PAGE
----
Sin embargo, este cambio no llegó por sí solo. En la absolución psiquiátrica de las parafilias consensuadas entre adultos desempeñó un papel clave la tenaz campaña emprendida de 2008 a 2013 por la Coalición Nacional para la Libertad Sexual (NCSF), fundada en EEUU en 1997. "La gente venía a la NCSF en busca de ayuda porque estaban sufriendo discriminación por los profesionales de la salud mental debido a la errónea creencia de que, por ser kinky [término referido a los practicantes del BDSM], eran enfermos mentales", explica a EL ESPAÑOL la fundadora y portavoz de la NCSF, Susan Wright. Simplemente por practicar sado, vestirse de mujer (los hombres) o confesarse fetichistas de pies, muchas personas "estaban perdiendo la custodia de sus hijos y sus empleos", señala Wright. Una encuesta de la NCSF determinó que el 37% de los kinky eran víctimas de acoso o violencia.

"El cambio en el DSM-5 ha tenido un impacto drástico en los niveles de discriminación hacia la gente kinky", dice Wright. Los datos son contundentes: en 2009, 132 personas perdieron la custodia de sus hijos por este motivo; en 2015, sólo 19. "La misma semana en que se publicaron los cambios, sometimos los nuevos criterios en un caso de custodia, y el juez reprendió al trabajador social por no estar al tanto de la ciencia actual", cuenta Wright. La portavoz añade que el número de personas que acuden a la NCSF en busca de ayuda se ha reducido a la tercera parte desde antes del DSM-5. ...

"Polyamorous relationships may be the future of love"

on Tuesday, 09 August 2016. Posted in NCSF in the News!, Front Page Headline, Media Updates

Love doesn’t just come in pairs. Is it time that marriage laws come to recognise the fact?


By Melissa Hogenboom / Pictures by Olivia Howitt

As a child Franklin Veaux recalls hearing his school teacher read a story about a princess who had a tantalising dilemma. Two male suitors had been wooing her and she had to choose between them. Franklin wondered why she could not choose both.

This early insight was revealing. Franklin has to this day never stuck to one relationship at a time. “I have never been in a monogamous relationship in my life. When I was in high school I took two dates to my senior prom. I lost my virginity as a threesome.”

Today he lives with his long-term girlfriend in a home he shares with her other boyfriend. Occasionally his partner’s teenage daughter also stays over. He is also in four other long-distance relationships, people he sees with varying degrees of frequency.

Franklin and his girlfriends are what’s called polyamorous or “poly” as the community tends to call it. Being poly simply means you can be in more than one relationship, with the full support and trust of however many partners they choose to have.

Polyamory does not feature in any census tick box but anecdotal evidence suggests that it is on the rise. Some are even calling for it to be recognised by law following the legalisation of gay marriage in the UK and the US. All this raises of the question of whether the future of love may be very different from our current conceptions of romance.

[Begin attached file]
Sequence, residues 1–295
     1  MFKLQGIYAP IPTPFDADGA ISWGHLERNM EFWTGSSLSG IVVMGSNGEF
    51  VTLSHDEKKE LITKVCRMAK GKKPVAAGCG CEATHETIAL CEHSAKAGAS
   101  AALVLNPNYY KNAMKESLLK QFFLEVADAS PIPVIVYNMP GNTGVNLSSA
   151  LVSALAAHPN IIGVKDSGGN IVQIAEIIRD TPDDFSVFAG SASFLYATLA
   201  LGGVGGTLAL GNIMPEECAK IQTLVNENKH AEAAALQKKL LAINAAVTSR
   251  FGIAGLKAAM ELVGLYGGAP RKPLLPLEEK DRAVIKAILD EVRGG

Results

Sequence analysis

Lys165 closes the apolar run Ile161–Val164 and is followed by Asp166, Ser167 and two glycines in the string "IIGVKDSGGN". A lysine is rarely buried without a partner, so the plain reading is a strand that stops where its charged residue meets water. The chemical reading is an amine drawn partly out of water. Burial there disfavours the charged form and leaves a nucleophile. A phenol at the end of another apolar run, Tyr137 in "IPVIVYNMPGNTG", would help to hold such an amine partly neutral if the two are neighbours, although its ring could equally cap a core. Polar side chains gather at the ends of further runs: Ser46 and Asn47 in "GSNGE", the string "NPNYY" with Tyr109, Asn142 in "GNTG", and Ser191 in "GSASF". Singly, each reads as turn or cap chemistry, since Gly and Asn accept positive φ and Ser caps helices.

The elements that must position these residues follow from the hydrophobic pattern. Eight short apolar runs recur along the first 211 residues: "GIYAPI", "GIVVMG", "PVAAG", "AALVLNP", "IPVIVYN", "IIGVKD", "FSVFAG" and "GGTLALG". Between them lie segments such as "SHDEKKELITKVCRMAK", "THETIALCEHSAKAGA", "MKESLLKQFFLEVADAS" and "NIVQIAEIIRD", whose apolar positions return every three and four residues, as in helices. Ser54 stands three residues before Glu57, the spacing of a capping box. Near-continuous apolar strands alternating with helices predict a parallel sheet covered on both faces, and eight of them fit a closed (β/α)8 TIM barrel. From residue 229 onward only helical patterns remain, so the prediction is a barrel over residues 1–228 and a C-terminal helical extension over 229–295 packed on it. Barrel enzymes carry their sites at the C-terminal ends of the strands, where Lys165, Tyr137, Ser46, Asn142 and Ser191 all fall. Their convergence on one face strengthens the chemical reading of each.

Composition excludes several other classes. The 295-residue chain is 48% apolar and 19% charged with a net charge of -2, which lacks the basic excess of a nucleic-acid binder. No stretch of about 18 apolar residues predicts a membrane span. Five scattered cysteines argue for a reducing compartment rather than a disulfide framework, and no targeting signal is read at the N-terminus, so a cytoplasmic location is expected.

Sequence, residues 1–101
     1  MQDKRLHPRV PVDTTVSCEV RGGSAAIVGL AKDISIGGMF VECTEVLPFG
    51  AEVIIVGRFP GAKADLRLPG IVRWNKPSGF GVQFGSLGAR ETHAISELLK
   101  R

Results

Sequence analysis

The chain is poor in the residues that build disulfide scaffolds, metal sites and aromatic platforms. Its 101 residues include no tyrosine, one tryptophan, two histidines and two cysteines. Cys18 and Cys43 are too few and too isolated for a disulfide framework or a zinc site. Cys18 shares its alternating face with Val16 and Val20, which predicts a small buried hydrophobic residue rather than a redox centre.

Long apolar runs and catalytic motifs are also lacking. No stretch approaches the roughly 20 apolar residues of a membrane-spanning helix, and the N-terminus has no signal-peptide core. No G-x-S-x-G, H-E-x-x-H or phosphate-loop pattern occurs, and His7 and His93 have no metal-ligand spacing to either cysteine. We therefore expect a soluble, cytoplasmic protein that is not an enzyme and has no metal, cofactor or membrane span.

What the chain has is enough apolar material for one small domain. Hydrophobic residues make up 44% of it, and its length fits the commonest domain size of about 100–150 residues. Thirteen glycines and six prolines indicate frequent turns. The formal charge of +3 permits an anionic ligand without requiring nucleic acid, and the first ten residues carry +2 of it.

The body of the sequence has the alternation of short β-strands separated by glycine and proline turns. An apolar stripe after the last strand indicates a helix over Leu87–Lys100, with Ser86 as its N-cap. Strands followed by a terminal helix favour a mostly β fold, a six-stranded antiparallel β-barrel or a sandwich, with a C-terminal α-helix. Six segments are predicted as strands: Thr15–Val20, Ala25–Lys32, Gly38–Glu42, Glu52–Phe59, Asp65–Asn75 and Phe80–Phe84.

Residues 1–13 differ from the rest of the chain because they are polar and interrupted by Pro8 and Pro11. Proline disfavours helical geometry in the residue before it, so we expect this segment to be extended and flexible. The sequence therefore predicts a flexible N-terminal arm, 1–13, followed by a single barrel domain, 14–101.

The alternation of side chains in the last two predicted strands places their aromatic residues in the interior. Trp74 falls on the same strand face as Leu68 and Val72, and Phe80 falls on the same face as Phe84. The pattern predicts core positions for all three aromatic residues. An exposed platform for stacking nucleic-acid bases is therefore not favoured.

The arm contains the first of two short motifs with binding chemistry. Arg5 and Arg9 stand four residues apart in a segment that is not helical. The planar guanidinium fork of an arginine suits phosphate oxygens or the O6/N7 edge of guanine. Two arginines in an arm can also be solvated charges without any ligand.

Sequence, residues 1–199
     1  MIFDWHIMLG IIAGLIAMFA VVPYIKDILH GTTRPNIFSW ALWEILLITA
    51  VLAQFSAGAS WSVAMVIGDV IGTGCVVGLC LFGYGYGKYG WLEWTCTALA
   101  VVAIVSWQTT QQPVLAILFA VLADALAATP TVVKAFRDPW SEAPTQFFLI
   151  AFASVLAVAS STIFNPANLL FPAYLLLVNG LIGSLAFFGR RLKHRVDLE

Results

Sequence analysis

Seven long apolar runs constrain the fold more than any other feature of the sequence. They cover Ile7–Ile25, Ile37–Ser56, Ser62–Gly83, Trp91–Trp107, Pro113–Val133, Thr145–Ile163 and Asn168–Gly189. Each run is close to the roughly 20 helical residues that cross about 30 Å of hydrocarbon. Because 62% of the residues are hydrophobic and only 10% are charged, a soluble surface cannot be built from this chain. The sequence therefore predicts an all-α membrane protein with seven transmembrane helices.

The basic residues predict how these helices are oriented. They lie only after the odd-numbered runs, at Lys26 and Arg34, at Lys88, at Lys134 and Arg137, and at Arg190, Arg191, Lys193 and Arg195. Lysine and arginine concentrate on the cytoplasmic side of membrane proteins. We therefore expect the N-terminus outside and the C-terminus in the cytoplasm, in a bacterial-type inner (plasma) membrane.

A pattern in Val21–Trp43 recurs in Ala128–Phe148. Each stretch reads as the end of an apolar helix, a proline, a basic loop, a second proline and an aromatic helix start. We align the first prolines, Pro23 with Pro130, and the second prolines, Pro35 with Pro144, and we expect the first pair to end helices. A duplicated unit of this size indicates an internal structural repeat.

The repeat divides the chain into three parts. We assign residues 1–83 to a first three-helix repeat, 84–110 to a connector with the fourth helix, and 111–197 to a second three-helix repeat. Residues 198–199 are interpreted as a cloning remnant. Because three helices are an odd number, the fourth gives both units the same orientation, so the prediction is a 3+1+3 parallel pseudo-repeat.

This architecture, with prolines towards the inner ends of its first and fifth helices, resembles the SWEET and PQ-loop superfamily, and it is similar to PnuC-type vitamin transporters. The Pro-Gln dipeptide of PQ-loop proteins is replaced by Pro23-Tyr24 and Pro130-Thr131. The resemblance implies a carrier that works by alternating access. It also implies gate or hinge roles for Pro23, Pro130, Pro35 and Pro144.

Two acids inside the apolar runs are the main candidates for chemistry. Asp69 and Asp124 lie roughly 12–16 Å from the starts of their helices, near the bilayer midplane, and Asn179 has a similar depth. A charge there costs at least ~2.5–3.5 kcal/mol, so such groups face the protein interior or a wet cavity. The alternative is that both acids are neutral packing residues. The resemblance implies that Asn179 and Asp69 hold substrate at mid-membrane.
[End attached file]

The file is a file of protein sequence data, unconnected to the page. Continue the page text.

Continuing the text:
But love has always been the same, right? A man falls for a woman, they get married, pop out a few children and stay together in a harmonious and monogamous relationship for life.

Sorry romantics. This wasn’t, and still isn’t, always the picture of love. Polygamy – where more than one spouse is allowed – was the norm for many of our hunter-gatherer ancestors. Monogamy started flourishing when our ancestors began to settle down. A preference for it then appears to have arisen, among many other reasons, for economic purposes.

As many as 83% of societies around the world allow polygamy

It made it easier for fathers to divide and share valuable commodities such as land with their children. Monogamy later got hijacked by romantic love by idealistic 19th Century Victorians. “The idea of sexual exclusivity started emerging fairly late in the game,” says professor of law Hadar Aviram at UC Hastings College of the Law in San Francisco, US.

Even today monogamy is the minority relationship style around the world. Cultural estimates suggest that as many as 83% of societies around the world allow polygamy.

True romance

Now there is a fairly new player in the relationship game, at least as far as the public are concerned. In the last two decades, sociologists, legal scholars and the public have shown great interest towards polyamory and it’s making them reassess the very nature of romance.

The word polyamory was first coined in the 1960s and literally means “many loves” in Latin. That’s exactly what it is, but talking to poly individuals makes it quickly apparent that there is no one way to be poly. There are no immediate rules. Some people, like Franklin have live-in partners with additional liaisons outside the home. Others have a mixture of short and long-term relationships.

Some live in a big group with their partners and their partner’s other partner(s), so called “family style polyamory”. You get the idea. The one thing they all have in common is openness, understanding, trust and acceptance from all involved.

As you might imagine these kinds of relationships take a lot of work to maintain, so being poly is far from an easy option. For starters, to keep more than one relationship going, small logistical matters require a lot of communication. “Our relationships are a lot more challenging,” says Eve Rickert, one of Franklin’s long distance partners and co-author of their polyamory book More than Two. ...